Shutdown my PC last night using and after booting this morning, all extensions are uninstalled. Thought at first it was just missing the button up top, but no extensions are shown in Manage Extensions. Digging into the problem, I also noticed Brave Rewards have reset, and Brave Wallet is also disconnected from the previous account. While the bookmark bar itself was hidden (my personal setting is to have it shown), the bookmarks themselves were retained. History is also complete, as well as downloads. Strange indeed.
So of course I searched Brave Community and found a couple of similar/related reports:
How can this issue be reproduced?
Considering I have been using this browser for several months and just now experienced this issue, I’m not sure whether (a) it can be reproduced, or (b) how long it would take to do so. Beyond this, many of the most similar related posts went unresponded and auto-closed. If this post gets some traction I’d be happy to put in additional diagnostic/investigate work to support the team.
That Brave does not lose any installed extensions, settings, or configurations during reboot?
Thank you for putting together some additional questions to further qualify this issue. Adding comments in-line for context.
Before you shut down your PC, did you:
Back up your PC? (Details on how you do that?)
Back up your Internet browsers’ user data directories?
Back up your Internet browsers’ Bookmarks files?
No backups were performed before the shutdown. I mostly live out of OneDrive and SharePoint, so the only things lost at hardware failure are applications. All of my work related programs point to a cloud repository (either directly or through a symbolic link). I also have an automated task that runs whenever a new application is installed to add it to a running list of installed applications so I can get back up and running quickly in the event of hardware failure. I was rather surprised to lose extensions / wallet / rewards AND NOT lose bookmarks / browsing history.
Note: I did have a backup of my wallet seed / password and was able to recover that connection easily.
Know which extensions (re Brave) were Enabled / Disabled? (And, why?)
There were only (3) third-party extensions added to the Brave browser. All were enabled before the shutdown.
Sci-Hub X Now!
Regarding the Brave Brower’s internal extensions, I had enabled the following:
Allow Google login for extensions > Disabled
Hangouts > Disabled
Media Router > Disabled
Method to resolve Unstoppable Domains > Ask
Method to resolve ENS > Ask
Private window with Tor > Enabled
Automatically redirect .onion sites > Disabled
WebTorrent > Disabled
Widevine > Enabled
Beyond these Extensions settings, I also had these settings for IPFS:
Redirect IPFD resources to the configured IPFS gateway > Disabled
Automatically redirect IPFS pages via DNSLink when possible > Disabled
IPFS Companion > Disabled
Max IPFS cache size > 1
Have Brave Settings re “Clear browsing data” (tabs: Basic / Advanced / On exit) written down, for future reference – do you know them specifically?
Get Started > On Startup > Continue where you left off
Security & Privacy > Clear Browsing Data > On Exit > None selected
Close / Exit / Quit your applications?
I manually closed all applications before the shutdown.
Create a System Restore Point?
I did not create a System Restore Point before the shutdown.
Before you shut down your PC, were you running your PC
using an Administrative user account?
using a lesser-privileged Standard user account?
I am using an Administrative user account.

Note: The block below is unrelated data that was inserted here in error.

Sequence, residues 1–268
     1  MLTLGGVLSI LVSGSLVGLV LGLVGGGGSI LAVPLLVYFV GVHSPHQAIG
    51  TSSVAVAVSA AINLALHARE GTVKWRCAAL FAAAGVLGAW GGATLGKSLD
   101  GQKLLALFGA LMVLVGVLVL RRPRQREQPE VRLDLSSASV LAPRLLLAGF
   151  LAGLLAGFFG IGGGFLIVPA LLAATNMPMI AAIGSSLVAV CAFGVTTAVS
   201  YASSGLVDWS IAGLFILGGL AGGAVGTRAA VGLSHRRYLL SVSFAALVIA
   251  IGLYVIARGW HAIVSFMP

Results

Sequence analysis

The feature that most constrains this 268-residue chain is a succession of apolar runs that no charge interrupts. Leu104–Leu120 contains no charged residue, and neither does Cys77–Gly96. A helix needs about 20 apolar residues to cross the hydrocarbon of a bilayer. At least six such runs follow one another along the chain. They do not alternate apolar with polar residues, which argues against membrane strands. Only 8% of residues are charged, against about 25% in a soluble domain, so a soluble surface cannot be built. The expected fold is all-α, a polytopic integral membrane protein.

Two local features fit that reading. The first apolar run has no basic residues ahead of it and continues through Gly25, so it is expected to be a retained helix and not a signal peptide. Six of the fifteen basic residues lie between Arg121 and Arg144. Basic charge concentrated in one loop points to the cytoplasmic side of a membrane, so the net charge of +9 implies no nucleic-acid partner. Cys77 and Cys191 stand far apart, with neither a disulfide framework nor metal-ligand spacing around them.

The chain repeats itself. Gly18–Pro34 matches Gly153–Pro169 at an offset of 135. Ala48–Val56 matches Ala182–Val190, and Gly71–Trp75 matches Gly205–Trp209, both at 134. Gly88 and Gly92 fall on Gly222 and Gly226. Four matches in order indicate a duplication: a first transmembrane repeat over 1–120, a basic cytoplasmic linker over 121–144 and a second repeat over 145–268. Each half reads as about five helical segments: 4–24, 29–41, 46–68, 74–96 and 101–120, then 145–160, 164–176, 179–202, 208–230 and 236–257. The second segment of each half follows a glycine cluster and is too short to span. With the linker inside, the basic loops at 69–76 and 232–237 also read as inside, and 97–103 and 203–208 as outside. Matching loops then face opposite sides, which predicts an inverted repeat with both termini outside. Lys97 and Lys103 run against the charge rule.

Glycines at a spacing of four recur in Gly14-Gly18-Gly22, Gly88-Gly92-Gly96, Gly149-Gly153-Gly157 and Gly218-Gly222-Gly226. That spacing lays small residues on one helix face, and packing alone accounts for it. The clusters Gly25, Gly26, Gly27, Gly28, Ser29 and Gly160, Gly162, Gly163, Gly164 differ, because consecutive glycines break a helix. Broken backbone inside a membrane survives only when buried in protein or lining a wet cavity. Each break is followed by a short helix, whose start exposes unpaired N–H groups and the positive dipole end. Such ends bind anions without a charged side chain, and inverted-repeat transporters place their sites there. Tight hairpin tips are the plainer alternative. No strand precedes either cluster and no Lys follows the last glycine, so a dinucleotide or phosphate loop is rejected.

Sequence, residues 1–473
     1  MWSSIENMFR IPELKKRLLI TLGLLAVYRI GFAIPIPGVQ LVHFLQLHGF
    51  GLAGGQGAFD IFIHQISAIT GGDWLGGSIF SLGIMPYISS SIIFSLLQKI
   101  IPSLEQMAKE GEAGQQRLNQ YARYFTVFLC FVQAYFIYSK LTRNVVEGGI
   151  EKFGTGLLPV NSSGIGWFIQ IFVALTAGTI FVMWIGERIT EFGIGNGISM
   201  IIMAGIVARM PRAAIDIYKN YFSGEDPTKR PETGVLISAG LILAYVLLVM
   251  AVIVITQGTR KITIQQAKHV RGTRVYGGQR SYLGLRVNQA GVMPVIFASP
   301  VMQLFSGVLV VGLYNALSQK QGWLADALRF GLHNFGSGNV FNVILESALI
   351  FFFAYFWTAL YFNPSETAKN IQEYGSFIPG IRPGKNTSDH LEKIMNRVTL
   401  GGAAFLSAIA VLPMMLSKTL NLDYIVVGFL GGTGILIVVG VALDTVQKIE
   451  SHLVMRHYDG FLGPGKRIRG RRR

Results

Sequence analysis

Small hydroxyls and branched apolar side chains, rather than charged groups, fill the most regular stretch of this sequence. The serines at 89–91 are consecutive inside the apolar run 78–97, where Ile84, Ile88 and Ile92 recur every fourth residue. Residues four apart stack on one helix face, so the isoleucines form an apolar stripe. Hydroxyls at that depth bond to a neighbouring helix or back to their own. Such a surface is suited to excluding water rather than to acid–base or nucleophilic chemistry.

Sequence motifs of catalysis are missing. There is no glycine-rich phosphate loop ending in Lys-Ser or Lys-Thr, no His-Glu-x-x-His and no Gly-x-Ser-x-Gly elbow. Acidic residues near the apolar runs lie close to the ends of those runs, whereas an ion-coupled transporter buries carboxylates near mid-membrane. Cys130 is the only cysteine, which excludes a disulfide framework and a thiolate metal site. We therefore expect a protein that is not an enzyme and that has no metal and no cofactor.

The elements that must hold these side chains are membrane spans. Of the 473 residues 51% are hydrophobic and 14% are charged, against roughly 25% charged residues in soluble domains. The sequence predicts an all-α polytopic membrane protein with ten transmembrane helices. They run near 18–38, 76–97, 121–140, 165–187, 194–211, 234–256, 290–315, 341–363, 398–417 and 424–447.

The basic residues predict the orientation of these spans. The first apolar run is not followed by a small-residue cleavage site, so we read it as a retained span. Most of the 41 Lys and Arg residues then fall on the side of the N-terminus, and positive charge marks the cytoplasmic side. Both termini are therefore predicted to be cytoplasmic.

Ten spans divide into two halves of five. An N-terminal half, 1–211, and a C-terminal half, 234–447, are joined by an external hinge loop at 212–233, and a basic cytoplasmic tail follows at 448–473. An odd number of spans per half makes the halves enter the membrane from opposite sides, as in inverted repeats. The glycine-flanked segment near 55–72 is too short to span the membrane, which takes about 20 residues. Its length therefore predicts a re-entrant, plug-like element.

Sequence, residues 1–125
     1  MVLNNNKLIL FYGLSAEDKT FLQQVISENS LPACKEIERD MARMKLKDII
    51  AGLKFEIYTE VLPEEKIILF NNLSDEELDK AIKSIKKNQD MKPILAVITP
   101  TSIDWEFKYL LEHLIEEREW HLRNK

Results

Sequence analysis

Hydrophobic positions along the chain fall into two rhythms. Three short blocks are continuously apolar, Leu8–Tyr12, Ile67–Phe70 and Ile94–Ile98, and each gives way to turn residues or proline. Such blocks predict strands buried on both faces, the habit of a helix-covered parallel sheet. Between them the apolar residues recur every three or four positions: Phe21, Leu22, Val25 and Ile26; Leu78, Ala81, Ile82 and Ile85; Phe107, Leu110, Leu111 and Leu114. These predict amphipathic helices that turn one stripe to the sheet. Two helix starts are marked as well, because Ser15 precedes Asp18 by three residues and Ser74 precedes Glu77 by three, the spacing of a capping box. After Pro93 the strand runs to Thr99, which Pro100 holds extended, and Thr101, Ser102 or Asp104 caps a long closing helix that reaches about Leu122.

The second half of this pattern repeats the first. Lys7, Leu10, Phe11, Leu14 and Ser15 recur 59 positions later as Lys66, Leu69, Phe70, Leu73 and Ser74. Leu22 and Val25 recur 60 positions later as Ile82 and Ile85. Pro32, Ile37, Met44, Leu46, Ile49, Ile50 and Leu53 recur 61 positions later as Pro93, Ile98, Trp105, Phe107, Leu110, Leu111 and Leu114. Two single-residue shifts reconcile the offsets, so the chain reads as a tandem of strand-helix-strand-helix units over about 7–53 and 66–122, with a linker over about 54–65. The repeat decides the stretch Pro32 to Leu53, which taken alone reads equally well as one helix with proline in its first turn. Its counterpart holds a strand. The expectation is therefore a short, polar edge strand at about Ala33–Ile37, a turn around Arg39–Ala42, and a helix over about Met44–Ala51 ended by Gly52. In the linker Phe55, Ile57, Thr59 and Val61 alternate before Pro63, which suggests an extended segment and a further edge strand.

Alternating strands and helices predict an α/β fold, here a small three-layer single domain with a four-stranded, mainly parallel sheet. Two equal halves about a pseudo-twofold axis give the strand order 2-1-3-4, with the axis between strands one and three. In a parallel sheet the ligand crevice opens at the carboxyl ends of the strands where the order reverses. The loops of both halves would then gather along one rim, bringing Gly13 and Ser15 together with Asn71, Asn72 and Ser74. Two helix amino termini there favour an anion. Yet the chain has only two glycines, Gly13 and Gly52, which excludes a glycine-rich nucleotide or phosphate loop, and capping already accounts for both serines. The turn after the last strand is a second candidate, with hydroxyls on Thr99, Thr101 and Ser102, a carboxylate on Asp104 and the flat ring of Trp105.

After your discoveries (things missing), did you Restart your PC?
Yes. No impact to reported issue.
Did you leave the Brave Browser installation intact?
Mostly. The only things I did was (a) reconnect the Brave Wallet using my seed / password backup, and (b) completed the Sync setup (I had not done that previously). I have not yet reinstalled the missing extensions.
Probably also worth noting that Brave News was also disabled (just noticed today), and the list of Top Sites lost my previous customizations.
Do not be alarmed by the “Error” and “Warning” labels. With experience, using Event Viewer, one sees such alarms, often.
The object of the exercise – if you choose to take a look – is to be prepared and have that Event Viewer window open and in a location within your computer display, so that you can observe events that are being listed, while you are also using Brave Browser.
PS. You know of the Windows OS Task Manager. Brave Browser also has a Task Manager – search for those terms under the Brave Help menu.
I do not know the technical reasons why . . . but I have found:
In order to adjust Brave Browser > Settings . . . and have them stick – better / more reliably – for whichever is your favored, routine, ordinary window when running Brave Browser:
New Private Window
New Private Window with TOR
then have ONLY a new window of your favored, particular window Open, prior to adjusting Settings. And use in the URL address: “about:blank” (no quotes). Then give the command to get the Brave Browser > Settings window to open.
And sometimes, you may find, that you also had to fall back to, first having ONLY a New Window open, prior to adjusting Settings. This fallback step, because you noticed that the Settings that you adjusted, did not stick for, let us say, the New Private Window as your favored window . . . so you fall back to having ONLY the New Window open, and then adjust Settings.
Quite familiar with most of these. I prefer NotePad++ to EditPad but that is just a personal preference.
So here’s where we get to the crux of the issue IMO.
Sometimes, Brave Browser does a “soft reset” thing – seems like it, and some settings and things are forgotten / “lost!”
Let’s ask the difficult but pertinent question:
While I get that backup of the browser is a good practice, I’m not aware of any other browser (Edge, Chrome, Firefox, or Opera) that requires this level of user management of the application or application settings.
Note: I have a Google Chrome installation alongside Brave Browser on this machine. I’ve been using the same machine for nearly (5) years now and not once have I had any issue with any of the (4) different profiles managed by Google Chrome. Each profile has maintained its own unique extensions, bookmarks, history, passwords, etc. without a spot of trouble. Brave Browser ran into a significant issue after ~5-6months.